First soldier from forgotten First World War battle laid to rest in cemetery in FranceBreaking News
But on a snow-capped hillside in northern France, a soldier who died in the carnage that was the Western Front during the First World War was finally laid to rest with full military honours.
His body, as yet unidentified, was the first of the 250 remains of soldiers that were found in mass graves at the site of the Battle of Fromelles, one of the most fiercely fought of the war. In all some 500 soldiers from the British 61st Division, along with 1,700 Australians, were mown down in a disastrous attack on a German-held salient just north of Fromelles village almost a century ago.
On Saturday, in a sombre but moving ceremony, the first of the unidentified soldiers - "known unto God", as their gravestones are customarily inscribed - was laid to rest in the newly built cemetery 440 yards from Pheasant Wood, the scene of the fiercest fighting.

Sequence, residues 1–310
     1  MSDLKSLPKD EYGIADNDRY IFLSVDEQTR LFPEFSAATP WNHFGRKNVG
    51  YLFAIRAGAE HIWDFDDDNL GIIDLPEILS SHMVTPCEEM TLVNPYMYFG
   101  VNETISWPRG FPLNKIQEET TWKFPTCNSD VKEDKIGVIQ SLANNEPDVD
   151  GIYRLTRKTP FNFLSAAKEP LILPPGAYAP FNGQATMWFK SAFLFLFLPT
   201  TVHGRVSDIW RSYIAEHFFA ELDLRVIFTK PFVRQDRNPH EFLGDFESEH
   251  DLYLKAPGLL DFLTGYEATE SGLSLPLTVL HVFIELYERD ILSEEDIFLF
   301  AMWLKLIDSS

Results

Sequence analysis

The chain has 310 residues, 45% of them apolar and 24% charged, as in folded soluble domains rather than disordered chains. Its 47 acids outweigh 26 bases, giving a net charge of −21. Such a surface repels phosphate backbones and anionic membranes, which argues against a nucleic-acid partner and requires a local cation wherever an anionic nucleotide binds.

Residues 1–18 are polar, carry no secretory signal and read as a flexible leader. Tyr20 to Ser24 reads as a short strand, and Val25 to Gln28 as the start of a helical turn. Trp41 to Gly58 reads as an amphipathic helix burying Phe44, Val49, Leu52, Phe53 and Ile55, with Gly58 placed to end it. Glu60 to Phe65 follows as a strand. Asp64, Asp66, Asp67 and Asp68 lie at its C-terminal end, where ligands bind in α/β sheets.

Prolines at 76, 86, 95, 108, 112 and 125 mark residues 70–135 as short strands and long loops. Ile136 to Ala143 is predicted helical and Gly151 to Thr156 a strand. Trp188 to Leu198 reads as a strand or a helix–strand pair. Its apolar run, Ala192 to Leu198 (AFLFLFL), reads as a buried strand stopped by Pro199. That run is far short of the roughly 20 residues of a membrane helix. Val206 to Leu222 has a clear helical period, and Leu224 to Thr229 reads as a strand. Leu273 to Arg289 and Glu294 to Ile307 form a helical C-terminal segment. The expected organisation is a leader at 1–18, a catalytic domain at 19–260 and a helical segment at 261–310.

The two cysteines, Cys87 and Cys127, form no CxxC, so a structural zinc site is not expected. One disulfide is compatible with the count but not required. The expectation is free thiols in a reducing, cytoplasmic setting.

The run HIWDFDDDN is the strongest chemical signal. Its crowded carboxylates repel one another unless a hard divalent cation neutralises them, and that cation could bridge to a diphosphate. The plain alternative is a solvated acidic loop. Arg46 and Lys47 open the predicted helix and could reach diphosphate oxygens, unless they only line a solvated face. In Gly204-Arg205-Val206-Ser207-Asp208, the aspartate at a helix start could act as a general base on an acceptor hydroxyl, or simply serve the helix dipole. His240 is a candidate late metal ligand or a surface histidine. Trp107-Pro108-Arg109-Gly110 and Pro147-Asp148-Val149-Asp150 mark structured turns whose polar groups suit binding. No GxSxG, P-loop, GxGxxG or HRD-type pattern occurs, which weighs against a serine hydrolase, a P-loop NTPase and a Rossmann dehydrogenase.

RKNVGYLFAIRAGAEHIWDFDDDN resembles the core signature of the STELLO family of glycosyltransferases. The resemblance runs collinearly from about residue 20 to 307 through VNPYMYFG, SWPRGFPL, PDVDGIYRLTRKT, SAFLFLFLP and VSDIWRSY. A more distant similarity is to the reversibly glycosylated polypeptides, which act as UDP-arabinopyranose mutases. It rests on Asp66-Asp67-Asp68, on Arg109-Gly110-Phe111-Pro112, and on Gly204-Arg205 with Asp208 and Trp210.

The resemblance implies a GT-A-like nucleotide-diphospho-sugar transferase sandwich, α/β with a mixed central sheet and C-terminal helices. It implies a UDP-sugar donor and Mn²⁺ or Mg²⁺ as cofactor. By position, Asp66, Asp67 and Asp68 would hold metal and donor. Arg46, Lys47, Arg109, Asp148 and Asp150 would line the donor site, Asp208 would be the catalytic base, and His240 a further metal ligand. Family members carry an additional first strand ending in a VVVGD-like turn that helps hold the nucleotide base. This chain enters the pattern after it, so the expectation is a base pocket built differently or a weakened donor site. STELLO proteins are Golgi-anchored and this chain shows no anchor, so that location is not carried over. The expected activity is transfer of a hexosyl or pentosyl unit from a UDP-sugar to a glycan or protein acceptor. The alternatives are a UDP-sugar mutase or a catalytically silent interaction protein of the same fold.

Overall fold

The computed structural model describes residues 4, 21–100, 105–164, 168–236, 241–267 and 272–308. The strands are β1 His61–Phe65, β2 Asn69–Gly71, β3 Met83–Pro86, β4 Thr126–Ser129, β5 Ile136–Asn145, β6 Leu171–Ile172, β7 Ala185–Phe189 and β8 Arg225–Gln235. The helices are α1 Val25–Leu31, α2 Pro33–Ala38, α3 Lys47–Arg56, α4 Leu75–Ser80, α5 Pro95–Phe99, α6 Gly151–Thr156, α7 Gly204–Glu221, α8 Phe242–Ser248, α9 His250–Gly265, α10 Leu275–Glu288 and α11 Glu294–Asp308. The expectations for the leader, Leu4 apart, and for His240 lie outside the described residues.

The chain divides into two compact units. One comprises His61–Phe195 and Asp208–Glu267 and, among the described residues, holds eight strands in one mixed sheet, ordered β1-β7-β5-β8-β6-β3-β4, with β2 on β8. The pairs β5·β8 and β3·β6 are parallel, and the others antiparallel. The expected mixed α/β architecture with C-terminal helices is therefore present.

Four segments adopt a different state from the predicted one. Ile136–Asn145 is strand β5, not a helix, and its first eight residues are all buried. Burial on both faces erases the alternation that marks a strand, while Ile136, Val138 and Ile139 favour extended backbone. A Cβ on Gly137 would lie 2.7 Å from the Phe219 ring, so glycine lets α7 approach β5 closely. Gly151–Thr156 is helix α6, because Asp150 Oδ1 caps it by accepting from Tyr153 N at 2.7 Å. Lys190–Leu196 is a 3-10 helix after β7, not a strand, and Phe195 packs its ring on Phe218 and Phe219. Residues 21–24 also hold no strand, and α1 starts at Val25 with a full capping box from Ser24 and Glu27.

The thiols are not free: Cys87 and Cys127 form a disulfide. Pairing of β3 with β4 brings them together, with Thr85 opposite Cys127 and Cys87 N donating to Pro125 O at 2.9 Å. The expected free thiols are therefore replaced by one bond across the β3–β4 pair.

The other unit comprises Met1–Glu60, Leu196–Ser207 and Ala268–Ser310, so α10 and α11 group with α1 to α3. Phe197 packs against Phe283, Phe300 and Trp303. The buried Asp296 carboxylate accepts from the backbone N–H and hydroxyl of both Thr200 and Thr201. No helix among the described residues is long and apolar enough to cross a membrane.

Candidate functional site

comments powered by Disqus
- Historian David Kaiser says the most exciting day of his life was JFK’s election
- Michael Bliss, Historian Who Dispelled Myths of Insulin’s Discovery, Dies at 76
- Jill Lepore: Americans Aren't Just Divided Politically, They're Divided Over History Too
- AHA joins protest of Trump’s plan for drastic cuts to the NEH
- Diane Ravitch says the Democrats paved the way for the education secretary's efforts to privatize our public schools